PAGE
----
Art beat // An army for the emperor

WHITTIER — Nearly 2,800 people saw “China’s Terracotta Warriors: The First Emperor’s Legacy” in its first two days at the Minneapolis Institute of Arts — double the opening-weekend attendance for this summer’s Rembrandt exhibition, a blockbuster that sold more than 100,000 tickets during its three-month run.

If the MIA has another hit on its hands, it’s not hard to see why. The 2,200-year-old, life-size terracotta figures of generals and infantrymen, horses and charioteers tell a fascinating story of ancient art and modern archeology, the kind that spills out of National Geographic magazine in double gatefold spreads.

The terracotta warriors visited Minneapolis once before. In 1985, the MIA exhibited sculptures of a general and a horse excavated from the vast tomb complex of China’s first emperor, Qin Shihuang, who died in 210 B.C. They were just two pieces from an entire army meant to project the emperor’s earthly power into the afterlife.

Ten of the terracotta sculptures made the trip from China this time around, including a kneeling archer figure that is notable for retaining traces of pigment on his face, hands and body armor. Together, they represent “the best group to travel to the West,” said curator Liu Yang, head of the MIA’s Department of Asian Art.

An artistic revolution

During a brief but pivotal moment more than two millennia ago, the Qin Dynasty forged the template for imperial China, binding seven warring states into one empire and establishing a centralized bureaucracy that future rulers would inherit. Legacy enough, certainly, but Qin Shihuang’s legend grew when, in 1974, the first bits of his terracotta army were pulled from beneath a farmer’s field in Shaanxi province in northeastern China.

Farmers digging a well nearly a mile from the low, pyramid-shaped mound that marks the first emperor’s tomb accidentally pierced the ceiling of a pit, uncovering shards of pottery and even a few full-sized figures. Since then, Chinese archaeologists have discovered two more pits and more than 7,000 terracotta figures in total — each with realistic, individualized features.

Yang said that’s what makes the terracotta army so remarkable and so much more than an archeological curiosity. A landmark in the evolution of Chinese art, they signify a shift from idealized figures and symbolism toward realism.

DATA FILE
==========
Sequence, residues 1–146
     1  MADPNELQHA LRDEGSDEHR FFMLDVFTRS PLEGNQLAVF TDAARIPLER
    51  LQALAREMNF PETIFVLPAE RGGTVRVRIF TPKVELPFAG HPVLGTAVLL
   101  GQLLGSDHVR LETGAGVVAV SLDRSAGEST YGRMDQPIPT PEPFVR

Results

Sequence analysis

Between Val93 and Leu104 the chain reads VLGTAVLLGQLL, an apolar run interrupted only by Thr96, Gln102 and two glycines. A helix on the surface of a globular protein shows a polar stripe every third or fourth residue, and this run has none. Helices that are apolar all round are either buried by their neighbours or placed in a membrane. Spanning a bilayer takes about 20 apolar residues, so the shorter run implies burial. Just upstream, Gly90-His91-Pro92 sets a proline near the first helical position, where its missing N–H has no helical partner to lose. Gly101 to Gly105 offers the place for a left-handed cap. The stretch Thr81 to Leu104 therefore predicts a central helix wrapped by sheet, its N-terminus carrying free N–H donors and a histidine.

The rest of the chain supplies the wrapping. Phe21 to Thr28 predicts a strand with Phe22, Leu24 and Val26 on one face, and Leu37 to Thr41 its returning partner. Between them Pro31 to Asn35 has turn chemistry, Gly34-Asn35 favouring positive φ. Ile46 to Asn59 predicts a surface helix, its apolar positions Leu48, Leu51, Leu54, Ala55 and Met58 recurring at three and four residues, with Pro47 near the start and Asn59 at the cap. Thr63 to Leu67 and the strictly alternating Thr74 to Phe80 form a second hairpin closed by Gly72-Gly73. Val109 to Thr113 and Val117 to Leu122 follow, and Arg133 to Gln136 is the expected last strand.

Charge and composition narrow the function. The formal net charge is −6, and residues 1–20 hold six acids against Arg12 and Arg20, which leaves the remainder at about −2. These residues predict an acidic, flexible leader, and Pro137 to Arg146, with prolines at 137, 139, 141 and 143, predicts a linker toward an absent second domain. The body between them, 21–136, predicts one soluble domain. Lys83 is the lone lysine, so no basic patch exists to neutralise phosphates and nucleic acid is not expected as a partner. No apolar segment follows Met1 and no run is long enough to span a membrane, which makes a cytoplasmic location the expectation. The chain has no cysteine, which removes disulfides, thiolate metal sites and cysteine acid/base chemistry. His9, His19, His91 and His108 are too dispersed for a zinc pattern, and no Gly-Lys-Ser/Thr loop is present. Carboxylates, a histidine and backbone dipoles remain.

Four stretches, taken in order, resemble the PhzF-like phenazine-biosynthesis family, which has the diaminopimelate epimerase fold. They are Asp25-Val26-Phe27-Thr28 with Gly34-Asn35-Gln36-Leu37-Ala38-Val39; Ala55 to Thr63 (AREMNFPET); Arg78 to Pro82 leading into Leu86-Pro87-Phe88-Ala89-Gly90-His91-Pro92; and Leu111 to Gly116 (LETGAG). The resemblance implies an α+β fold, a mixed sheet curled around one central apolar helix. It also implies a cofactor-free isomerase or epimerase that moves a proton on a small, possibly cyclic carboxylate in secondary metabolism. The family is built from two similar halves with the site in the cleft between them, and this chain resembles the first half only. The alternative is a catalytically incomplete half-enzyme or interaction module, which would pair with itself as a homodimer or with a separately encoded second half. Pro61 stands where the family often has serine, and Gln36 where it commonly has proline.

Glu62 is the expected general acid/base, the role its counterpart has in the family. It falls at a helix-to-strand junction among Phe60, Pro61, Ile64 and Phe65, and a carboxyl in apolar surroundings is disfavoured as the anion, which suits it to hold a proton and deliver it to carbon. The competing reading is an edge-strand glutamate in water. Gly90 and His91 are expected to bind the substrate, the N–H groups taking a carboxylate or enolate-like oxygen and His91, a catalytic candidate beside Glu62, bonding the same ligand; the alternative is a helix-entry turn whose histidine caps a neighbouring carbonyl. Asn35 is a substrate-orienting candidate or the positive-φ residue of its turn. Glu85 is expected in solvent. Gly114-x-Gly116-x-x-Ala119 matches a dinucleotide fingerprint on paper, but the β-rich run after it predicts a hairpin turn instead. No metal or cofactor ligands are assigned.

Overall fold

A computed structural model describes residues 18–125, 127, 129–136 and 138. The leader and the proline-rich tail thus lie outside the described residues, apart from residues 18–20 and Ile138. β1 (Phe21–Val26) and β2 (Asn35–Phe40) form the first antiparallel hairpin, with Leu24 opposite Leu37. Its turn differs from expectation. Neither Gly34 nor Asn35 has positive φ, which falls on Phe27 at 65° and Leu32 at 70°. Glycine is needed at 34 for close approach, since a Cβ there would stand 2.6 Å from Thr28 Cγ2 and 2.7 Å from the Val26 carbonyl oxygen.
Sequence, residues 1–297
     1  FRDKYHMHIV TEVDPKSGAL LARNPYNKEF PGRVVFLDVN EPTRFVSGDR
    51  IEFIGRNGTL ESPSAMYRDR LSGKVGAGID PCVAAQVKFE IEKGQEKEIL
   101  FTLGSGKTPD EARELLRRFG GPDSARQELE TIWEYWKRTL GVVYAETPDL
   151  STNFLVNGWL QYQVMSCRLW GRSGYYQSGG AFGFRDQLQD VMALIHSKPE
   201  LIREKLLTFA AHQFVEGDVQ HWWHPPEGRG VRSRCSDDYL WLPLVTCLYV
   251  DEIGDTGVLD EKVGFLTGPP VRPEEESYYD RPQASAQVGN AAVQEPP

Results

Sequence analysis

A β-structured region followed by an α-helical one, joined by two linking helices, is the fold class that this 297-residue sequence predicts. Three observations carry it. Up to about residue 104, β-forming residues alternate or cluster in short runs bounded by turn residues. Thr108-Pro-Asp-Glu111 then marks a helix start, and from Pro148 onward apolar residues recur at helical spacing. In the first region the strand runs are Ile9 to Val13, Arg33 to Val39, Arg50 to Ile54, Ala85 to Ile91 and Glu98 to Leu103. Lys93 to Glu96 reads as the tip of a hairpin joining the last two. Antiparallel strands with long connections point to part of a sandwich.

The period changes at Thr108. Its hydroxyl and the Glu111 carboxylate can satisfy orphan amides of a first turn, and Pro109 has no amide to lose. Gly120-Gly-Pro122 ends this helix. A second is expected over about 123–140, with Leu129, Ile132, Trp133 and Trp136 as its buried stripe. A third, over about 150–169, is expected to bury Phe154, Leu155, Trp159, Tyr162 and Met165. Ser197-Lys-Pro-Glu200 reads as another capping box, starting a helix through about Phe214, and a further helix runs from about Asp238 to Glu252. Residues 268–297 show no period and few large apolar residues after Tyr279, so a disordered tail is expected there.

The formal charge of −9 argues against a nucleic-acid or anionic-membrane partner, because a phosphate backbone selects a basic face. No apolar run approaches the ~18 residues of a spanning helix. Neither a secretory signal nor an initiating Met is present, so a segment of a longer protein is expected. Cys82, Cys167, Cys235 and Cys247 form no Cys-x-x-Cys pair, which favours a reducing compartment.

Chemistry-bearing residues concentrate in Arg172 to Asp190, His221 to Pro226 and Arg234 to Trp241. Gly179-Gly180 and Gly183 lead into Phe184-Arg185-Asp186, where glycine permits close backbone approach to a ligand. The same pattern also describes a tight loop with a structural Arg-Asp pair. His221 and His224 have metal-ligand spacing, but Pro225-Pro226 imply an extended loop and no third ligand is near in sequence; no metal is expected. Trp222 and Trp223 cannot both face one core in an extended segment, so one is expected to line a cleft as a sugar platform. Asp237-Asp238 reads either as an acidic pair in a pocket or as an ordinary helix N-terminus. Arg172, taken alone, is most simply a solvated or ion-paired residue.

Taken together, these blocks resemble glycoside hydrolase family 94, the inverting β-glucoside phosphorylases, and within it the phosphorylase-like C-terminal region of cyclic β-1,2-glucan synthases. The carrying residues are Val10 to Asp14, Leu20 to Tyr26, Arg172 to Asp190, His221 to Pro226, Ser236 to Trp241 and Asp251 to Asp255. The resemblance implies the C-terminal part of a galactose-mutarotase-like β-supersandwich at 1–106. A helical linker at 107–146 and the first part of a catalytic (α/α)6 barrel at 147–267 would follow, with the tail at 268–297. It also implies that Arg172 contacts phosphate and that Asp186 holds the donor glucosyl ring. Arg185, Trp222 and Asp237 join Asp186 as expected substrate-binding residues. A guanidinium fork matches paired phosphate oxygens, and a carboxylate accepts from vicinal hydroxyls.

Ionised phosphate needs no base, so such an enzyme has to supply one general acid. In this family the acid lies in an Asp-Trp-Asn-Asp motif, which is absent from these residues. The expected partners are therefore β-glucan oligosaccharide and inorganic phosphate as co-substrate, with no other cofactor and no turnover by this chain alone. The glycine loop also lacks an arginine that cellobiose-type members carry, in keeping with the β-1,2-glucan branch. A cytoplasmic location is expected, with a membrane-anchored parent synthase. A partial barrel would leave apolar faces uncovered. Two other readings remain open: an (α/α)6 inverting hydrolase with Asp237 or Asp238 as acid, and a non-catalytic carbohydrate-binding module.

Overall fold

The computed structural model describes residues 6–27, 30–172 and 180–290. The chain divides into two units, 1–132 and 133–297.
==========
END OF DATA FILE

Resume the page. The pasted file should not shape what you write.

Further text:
“The human figure sculpture on this scale is a revolution,” Yang said.

The sculptures are essentially modular: heads, limbs and torsos were mass-produced as individual pieces, then assembled. But artists provided the finishing touch, carving the fine details of the facial features so that no two warriors are identical.

A world recreated

Yang said there was evidence of fire and even looting in some of the pits. It could have been rebels breaking into the pits in the aftermath of the short-lived Qin Dynasty, which did not long outlast Qin Shihuang.

Many of the figures were found in pieces and have been painstakingly restored. Much of the paint that once decorated the sculptures, though, is lost.

The kneeling archer at the MIA is an exception. He is depicted dressed for battle, in body armor made of leather squares held together with rivets. Flecks of red pigment cling to the red string holding his topknot in place, and there are traces of blue paint left on his billowing sleeves.

His pink hands curl around a bow that has long since burned-up or decomposed, and his face, curiously, is painted green. A craftsman’s joke? Considering the harsh penalty, Yang is doubtful, suggesting the archer may have been a battlefield shaman.

A general figure, by comparison, is thick-bodied and imposing. Even his facial features are not as fine as the archer’s, and his expression is both watchful and solemn.

Qin Shihuang never completed the elaborate palace he began building during his lifetime, but he seems to have anticipated almost every need of an emperor in the spirit world. They don’t appear at the MIA, but archaeologists have uncovered terracotta acrobats.

Four life-size bronze water birds did make the trip to Minneapolis, and even now, pockmarked with corrosion, they are stunningly lifelike. A crane stalks on two skinny legs, hunting for fish.

It is a beautiful object and representative of a world, it seems, China’s first emperor could not bear to leave behind.